Section 375 of the Criminal Code criminalises defamation. It provides: “Subject to the provisions of this chapter, any person who publishes any defamatory matter is guilty of a misdemeanor and is liable to imprisonment for one year and any person who publishes any defamatory matter knowing it to be false is liable to imprisonment for two years.

Section 373 of the Criminal Code defines a defamatory matter as one which is likely to injure the reputation of any person by exposing him to hatred, contempt or ridicule or likely to damage any person in his profession or trade by an injury to his reputation.”

Speaking after last Wednesday’s Federal Executive Council (FEC) meeting, the Minister of State for Transportation, Senator Gbemisola Saraki, faulted the bill, stating that certain provisions of the Cybercrime Act 2015 have also taken care of hate speech.

Section 26 of the Act stipulates: “Any person who with intent – (a) distributes or otherwise makes available, any racist or xenophobic material to the public through a computer system or network; (b) threatens through a computer system or network – (i) persons for the reason that they belong to a group distinguished by race, colour, descent, national or ethnic origin, as well as, religion, if used as a pretext for any of these factors; or (ii) a group of persons which is distinguished by any of these characteristics; (c) insults publicly through a computer system or network– (i) persons for the reason that they belong to a group distinguished by race, colour, descent or national or ethnic origin, as well as religion, if used as a pretext for any of these factors; or (ii) a group of persons which is distinguished by any of these characteristics; or (d) distributes or otherwise makes available, through a computer system or network, to the public, material which denies or approves or justifies acts constituting genocide or crimes against humanity, commits an offence and shall be liable on conviction to imprisonment for a term of not more than five years or to a fine of not more than N10 million or both such fine and imprisonment.”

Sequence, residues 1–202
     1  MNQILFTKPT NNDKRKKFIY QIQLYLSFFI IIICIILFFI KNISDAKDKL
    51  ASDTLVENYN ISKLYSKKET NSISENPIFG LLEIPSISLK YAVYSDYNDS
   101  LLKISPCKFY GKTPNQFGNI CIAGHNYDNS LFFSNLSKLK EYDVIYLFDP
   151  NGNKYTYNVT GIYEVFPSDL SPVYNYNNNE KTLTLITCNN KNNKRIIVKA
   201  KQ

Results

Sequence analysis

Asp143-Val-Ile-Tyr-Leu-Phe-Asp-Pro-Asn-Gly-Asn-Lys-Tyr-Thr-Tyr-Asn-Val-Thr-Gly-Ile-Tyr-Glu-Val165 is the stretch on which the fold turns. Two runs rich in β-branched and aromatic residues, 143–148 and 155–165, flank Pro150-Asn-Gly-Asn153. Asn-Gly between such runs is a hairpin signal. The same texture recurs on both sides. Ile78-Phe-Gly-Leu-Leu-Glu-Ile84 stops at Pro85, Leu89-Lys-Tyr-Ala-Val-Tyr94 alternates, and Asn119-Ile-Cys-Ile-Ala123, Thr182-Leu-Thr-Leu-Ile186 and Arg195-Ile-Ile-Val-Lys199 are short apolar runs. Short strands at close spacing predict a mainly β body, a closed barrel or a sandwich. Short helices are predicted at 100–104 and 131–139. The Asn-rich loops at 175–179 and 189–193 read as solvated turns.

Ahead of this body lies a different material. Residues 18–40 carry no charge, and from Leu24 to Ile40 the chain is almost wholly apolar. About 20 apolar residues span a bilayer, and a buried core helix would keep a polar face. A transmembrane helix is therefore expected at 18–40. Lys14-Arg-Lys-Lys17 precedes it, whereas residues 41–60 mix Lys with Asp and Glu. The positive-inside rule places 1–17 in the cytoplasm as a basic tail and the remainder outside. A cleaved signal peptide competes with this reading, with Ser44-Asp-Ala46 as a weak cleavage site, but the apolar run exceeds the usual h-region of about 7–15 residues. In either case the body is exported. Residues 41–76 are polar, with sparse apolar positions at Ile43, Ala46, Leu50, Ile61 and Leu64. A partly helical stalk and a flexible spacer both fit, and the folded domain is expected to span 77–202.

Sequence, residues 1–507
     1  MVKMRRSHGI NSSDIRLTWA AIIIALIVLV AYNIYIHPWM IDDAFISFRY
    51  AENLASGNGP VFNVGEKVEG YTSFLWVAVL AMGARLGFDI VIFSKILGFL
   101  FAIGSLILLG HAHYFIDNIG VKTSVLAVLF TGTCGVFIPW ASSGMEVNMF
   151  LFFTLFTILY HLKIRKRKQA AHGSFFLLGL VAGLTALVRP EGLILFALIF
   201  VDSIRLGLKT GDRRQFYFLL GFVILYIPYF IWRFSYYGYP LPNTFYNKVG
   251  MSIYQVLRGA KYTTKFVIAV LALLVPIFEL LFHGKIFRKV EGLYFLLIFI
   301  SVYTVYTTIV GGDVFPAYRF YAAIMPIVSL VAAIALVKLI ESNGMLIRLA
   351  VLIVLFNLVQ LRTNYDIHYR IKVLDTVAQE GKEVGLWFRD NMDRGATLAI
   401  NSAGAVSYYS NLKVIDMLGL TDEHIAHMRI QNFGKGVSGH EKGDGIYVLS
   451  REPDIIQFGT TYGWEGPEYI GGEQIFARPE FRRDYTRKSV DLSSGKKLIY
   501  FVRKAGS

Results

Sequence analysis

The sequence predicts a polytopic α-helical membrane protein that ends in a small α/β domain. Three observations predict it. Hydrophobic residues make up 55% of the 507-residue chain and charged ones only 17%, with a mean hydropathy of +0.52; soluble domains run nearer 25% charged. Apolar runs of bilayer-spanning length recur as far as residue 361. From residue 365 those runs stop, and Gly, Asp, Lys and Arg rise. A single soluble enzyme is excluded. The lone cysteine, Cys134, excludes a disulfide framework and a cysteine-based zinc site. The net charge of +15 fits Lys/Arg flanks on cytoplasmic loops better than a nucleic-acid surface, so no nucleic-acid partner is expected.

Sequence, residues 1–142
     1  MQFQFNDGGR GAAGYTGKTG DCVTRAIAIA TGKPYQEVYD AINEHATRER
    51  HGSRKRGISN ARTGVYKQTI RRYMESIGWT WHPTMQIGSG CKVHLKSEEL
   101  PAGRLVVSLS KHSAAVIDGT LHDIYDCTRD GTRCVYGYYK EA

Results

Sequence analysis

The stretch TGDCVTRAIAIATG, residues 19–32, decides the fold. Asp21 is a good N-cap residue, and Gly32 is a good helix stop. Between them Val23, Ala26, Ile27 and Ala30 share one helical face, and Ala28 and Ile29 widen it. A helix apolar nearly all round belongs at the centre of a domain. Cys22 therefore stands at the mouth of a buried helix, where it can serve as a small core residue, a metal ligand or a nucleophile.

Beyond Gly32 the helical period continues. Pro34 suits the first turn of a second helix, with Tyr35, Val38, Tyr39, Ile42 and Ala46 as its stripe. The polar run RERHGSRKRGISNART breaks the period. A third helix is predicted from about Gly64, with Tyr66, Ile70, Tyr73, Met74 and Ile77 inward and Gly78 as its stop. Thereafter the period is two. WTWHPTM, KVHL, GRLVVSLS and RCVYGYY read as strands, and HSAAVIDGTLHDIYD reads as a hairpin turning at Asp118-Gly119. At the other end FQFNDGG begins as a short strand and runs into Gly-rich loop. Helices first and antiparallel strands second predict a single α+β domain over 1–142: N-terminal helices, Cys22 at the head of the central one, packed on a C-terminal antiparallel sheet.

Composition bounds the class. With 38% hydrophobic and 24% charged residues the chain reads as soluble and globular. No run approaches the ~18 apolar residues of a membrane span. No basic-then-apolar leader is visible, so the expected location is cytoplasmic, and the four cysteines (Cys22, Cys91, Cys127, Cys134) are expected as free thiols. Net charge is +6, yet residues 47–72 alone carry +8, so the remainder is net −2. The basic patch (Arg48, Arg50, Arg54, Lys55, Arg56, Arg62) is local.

The section defines crime against humanity as “any of the following acts committed as part of a widespread or systematic attack directed against any civilian population, with knowledge of the attack: murders, extermination, enslavement, deportation or forcible transfer of population, imprisonment, torture, rape, sexual slavery, enforced prostitution, forced pregnancy, enforced sterilisation or any other form of sexual violence of comparable gravity, persecution against an identifiable group on political, racial, national, ethnic, cultural, religious or gender grounds, enforced disappearance of persons, the crime of apartheid, other inhumane acts of similar character intentionally causing great suffering or serious bodily or mental injury.” It also defines genocide as any of the following acts committed with intent to destroy in whole or in part, a national, ethnic, racial or religious group such as killing members of the group and deliberately inflicting on the group conditions of life calculated to bring about its physical destruction in whole or in part, among others.

It, therefore, appears that the Hate Speech Bill might duplicate sections of existing laws in the country if passed, even as it would lay an additional financial burden on the country with the establishment of a commission.